If you have instigated a personal injury claim, then there will be a point person for the other party whom you will be dealing with during the claim. This point person is known as an adjuster, and there are different forms of adjusters; here are the most common ones:

Adjusters Employed By Insurance Companies                                                                             

Most insurance companies have claims adjusters that work exclusively for them. These adjusters are employed by the insurance companies, and a typical insurance company often has adjusters working in different places where they have businesses. Therefore, when you submit a claim to an insurance company, it will hand over the issue to the local office handling operations in your area. This is the person who has the authority to negotiate, deny or accept your demand.

Independent Claims Adjusters

An independent claims adjuster doesn't work for an insurance company; they are independent just like the name suggest. This means they can work with any insurance company that gives them work. Insurance companies often resort to independent claims adjusters if they don't have local offices in an area. This is because it wouldn't make sense for an insurance company to send an adjuster from other offices to handle such claims; the logistics and expenses wouldn't make it worthwhile.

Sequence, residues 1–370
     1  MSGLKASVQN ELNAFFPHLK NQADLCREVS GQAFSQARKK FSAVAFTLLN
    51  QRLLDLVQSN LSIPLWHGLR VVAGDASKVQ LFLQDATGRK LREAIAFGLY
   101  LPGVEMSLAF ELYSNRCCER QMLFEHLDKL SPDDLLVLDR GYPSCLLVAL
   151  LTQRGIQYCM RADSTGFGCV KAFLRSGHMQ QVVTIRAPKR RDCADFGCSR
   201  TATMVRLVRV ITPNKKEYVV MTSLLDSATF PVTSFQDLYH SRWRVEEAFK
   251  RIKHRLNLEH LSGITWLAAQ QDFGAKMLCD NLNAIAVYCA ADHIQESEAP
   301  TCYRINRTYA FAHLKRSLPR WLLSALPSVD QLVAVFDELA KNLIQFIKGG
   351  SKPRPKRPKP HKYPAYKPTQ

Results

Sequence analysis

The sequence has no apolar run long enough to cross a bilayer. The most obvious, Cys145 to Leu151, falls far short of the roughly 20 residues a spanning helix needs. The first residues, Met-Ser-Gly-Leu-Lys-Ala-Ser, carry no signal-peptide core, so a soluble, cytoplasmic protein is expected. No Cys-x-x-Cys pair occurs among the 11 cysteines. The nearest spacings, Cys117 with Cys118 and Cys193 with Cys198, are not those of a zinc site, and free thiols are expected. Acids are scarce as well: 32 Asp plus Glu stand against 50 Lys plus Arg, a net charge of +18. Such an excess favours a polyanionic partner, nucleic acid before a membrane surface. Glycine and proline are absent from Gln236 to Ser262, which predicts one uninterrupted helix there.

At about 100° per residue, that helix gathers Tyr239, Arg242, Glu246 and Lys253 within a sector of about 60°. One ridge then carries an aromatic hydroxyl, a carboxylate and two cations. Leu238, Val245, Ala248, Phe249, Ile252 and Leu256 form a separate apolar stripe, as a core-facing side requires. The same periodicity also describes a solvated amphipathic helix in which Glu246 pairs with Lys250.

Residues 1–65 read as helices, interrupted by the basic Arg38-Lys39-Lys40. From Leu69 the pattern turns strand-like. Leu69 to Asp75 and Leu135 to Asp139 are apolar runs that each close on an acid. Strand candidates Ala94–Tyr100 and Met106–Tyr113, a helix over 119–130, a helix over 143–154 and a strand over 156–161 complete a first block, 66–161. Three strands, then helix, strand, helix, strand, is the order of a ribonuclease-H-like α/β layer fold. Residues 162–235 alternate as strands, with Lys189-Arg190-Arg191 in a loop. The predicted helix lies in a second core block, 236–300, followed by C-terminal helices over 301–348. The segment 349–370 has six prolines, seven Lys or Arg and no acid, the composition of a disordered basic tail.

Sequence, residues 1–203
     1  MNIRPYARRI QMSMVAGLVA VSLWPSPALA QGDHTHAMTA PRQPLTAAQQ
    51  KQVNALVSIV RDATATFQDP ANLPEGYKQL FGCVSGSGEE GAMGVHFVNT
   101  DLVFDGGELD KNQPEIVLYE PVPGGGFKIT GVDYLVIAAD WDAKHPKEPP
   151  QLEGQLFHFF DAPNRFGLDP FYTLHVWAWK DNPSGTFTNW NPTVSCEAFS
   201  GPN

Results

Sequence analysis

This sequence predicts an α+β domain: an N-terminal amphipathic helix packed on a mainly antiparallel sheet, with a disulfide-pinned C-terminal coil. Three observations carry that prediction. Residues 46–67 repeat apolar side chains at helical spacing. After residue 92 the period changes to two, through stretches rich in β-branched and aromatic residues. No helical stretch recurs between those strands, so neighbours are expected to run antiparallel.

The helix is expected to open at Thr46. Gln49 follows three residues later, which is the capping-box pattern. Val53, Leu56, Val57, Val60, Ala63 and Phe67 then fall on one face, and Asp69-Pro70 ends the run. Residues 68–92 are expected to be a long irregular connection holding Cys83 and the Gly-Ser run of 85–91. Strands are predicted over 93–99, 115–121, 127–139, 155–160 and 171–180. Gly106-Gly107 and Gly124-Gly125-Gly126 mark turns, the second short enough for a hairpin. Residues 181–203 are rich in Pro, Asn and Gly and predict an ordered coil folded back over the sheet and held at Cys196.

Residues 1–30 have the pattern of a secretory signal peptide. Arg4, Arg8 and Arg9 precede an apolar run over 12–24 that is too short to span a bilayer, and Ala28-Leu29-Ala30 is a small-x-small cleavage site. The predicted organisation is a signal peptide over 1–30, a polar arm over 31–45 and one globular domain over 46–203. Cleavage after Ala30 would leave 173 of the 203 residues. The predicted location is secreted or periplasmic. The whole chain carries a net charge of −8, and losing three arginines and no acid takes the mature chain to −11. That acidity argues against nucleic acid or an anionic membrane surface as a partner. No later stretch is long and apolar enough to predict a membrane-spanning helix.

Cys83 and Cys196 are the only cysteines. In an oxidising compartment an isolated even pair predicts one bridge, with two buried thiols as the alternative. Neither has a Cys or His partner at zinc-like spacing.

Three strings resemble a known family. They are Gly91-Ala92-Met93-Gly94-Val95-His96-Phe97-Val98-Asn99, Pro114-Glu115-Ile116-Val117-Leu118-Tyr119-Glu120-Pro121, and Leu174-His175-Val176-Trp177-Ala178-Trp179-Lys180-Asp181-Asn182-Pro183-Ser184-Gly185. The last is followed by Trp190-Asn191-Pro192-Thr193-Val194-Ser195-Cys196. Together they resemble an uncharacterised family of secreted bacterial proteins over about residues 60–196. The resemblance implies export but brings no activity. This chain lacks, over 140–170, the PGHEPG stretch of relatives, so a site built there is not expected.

You shouldn't expect any problems just because you are dealing with an independent claims adjuster. This is because the negotiation process will be exactly the same as the one you would have when dealing with the insurance company's in-house adjuster. The only difference you might notice, if you are keen, is that the independent claims adjuster may not have the authority to approve high compensations. This means there might be a slight delay if they have to confirm high payouts with a supervisor at the insurance company.

Government Adjusters

If you have a claim against a large government entity, then you may have to deal with the company directly and negotiate with their in-house claims adjuster. This is because such large government entities typically have their own claims department because they face many claims. Again, the process will just be the same as dealing with a claims adjuster representing an insurance company. Don't just expect to win a lot of money from a government body; they are known for being stingy with money.

Irrespective of the adjuster you are dealing with, you have the right to decline any settlement offer that seems too low for your case. In fact, you should always have it in mind that your case may not settle but proceed to trial, which is why you need to involve a personal injury lawyer in the case as early as possible.